Wow...I am glad to know that I wasn't making my own crazy theory up. I have a BA in psychology with a focus on community health. I've worked at a School base health center since I was 16 then took a 5 year break to finish my degree and return from a deployment. Just about a year and half ago I was lucky enough to find a job as a SBHC Program Coordinator (aka clinic manager) for a new clinic site. I don't make much money because it's a non profit (38k) so I know I have to go back to school.

I got accepted last year for an MPH program but decided to postpone it to this year but throughout the year I realized that MPH degree would only help me get a job like the one I already have and would increase my pay by 5k max which I should get anyways by the time I finish MPH school. I realized that where the money is in nursing and as much as I love health education and prevention the market for this field is does not pay much and they are mostly grant based so they are temporary like 2 to 5 years.

What should I do? Start the MPH program now then go do the nursing?

Or should I just wait to take 1 to 2 years of pre-reqs to get into the RN program?

By the way im 27 and I have to work for sure right now because I am supporting my mother so taking time off to go to school right now is not an option.

Please advice this confused but passionate girl from LA...

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hhh569 in Schenectady, New York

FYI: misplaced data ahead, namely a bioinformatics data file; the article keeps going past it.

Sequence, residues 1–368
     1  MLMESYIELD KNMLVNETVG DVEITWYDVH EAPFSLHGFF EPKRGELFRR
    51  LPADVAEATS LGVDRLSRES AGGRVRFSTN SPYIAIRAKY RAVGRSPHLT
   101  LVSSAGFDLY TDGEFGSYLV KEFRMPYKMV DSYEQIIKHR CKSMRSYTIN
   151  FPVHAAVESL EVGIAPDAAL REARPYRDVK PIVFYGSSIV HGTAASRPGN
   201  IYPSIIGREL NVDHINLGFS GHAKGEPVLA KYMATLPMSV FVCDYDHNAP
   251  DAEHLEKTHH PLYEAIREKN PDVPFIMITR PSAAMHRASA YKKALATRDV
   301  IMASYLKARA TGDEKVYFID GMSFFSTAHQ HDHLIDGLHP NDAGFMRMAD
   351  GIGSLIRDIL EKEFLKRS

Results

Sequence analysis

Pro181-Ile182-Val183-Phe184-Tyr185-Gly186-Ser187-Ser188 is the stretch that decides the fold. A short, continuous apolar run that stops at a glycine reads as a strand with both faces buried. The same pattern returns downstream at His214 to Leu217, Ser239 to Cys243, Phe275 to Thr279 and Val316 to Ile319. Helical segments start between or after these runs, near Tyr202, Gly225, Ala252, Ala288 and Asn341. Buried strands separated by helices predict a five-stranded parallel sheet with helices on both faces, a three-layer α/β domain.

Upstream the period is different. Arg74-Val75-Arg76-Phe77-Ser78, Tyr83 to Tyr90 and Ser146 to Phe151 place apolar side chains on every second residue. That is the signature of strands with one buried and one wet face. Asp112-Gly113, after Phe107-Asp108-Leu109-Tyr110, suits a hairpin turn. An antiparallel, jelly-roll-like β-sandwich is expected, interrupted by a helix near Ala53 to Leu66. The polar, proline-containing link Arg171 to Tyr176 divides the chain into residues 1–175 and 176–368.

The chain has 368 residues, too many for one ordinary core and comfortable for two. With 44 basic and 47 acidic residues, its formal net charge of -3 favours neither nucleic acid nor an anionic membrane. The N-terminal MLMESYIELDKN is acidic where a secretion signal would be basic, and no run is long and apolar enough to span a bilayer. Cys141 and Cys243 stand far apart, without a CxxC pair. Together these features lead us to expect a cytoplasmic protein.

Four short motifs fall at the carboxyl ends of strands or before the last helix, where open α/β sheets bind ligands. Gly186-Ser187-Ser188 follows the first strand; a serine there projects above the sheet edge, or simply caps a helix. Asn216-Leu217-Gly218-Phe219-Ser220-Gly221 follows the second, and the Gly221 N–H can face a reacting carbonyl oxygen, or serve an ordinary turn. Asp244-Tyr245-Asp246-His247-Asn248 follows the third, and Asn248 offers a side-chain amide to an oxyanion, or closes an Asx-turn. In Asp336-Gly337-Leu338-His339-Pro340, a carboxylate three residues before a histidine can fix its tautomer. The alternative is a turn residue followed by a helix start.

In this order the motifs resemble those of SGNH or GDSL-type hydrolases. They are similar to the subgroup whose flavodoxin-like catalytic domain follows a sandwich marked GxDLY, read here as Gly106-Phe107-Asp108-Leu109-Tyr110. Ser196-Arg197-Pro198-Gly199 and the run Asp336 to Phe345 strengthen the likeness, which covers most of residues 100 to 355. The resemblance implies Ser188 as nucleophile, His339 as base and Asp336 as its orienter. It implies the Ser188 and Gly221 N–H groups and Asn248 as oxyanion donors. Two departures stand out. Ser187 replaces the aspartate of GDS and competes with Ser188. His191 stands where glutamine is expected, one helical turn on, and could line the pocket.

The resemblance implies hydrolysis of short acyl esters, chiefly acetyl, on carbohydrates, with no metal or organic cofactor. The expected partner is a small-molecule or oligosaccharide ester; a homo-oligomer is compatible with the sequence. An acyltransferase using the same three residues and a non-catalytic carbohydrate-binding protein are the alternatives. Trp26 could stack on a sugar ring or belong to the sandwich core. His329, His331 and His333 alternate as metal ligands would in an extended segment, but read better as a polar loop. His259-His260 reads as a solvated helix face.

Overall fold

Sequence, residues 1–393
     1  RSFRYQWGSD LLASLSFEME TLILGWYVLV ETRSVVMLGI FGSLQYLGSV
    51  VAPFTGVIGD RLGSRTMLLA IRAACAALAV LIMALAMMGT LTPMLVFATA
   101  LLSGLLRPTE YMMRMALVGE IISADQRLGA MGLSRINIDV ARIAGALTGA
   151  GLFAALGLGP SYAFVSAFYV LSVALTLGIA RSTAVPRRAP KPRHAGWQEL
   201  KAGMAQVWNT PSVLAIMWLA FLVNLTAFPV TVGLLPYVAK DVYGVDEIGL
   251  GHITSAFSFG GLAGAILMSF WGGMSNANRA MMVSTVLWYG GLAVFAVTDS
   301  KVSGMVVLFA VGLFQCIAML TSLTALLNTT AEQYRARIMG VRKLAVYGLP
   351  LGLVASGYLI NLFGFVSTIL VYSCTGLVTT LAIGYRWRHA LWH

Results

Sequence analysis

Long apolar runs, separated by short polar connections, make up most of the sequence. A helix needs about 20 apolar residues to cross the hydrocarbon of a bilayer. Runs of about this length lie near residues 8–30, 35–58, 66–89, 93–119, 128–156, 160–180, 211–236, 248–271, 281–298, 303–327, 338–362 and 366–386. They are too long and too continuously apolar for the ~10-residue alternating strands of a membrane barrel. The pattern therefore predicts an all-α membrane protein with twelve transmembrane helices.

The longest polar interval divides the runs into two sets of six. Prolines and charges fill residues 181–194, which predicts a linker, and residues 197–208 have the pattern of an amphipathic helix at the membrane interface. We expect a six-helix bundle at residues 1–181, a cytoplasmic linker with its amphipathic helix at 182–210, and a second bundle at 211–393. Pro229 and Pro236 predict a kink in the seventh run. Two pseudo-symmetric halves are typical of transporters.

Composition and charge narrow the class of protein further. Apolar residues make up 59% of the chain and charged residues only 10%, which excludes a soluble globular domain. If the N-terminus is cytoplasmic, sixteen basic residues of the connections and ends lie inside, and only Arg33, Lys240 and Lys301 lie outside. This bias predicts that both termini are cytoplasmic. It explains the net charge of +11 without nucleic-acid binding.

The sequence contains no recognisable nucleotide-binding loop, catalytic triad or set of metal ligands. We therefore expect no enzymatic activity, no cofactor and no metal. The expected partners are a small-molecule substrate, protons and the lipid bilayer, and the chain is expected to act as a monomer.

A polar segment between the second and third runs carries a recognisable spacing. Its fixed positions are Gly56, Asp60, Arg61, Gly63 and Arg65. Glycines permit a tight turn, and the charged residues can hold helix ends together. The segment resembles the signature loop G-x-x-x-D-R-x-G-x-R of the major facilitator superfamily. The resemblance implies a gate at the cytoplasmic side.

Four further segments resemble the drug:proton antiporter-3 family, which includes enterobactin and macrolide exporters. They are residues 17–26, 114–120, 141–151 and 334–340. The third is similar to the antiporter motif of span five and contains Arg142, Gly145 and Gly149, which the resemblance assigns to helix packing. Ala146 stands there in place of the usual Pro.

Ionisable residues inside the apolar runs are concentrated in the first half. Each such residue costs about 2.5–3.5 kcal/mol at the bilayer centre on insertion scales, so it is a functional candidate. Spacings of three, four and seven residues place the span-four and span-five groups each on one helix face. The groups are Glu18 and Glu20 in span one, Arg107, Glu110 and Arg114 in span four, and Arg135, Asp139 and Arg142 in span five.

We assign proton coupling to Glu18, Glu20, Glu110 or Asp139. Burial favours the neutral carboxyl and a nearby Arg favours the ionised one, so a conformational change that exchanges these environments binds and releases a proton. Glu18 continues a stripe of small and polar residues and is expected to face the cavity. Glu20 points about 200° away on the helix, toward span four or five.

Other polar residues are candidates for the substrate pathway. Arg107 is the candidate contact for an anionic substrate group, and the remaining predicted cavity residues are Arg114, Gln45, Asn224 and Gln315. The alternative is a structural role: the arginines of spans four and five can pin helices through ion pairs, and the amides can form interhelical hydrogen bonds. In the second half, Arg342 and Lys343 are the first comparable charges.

37 months ago

I would continue to work and take my prequistes for nursing. You can get your mph later

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Eliza G I in Huntington Beach, California

37 months ago

How about in California? does anyone know if health education is growing in California or not? doesn't seem like though...

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Teena in Brooklyn, New York

34 months ago

Well as an RN, I could see how to many people a nurse's role would not be health promotion but treatment. Although just like most professions as time progresses they change. The typical role of the RN or LPN is quite different from the nurse of the 1900s, 1960s, 1980s, 1990s, and so on. Health care is for ever changing and developing and therefore the role of nurse has changed along with the education provided to become an RN. The title of RN can mean so many things now and has become so diverse I believe this is why we can fill so many roles. For examples you can be a Nurse Practitioner, Holistic Nurse, you can be an administrator, work in Nursing informatics,or choose to work for a pharmaceutical company. You can be a educator, a nurse anesthetist, research, the list can go on and on . And so for this reason I believe nurses stand out, are education is no longer based on treatment alone( We don't just give shots and clean up messes). We are taught to look at all facets of healthcare fiscal,health care delivery,advocacy , and beyond. We encompass all disciplines in our profession. We are taught not just to care for the patient but the whole family. So while it is good on a whole to just educate people on prevention, the reality is that many of the populations health education is needed most. Needs more then prevention techniques alone. You are only dealing with one aspect of patient healthcare ,while the Nurse can handle the whole continuum.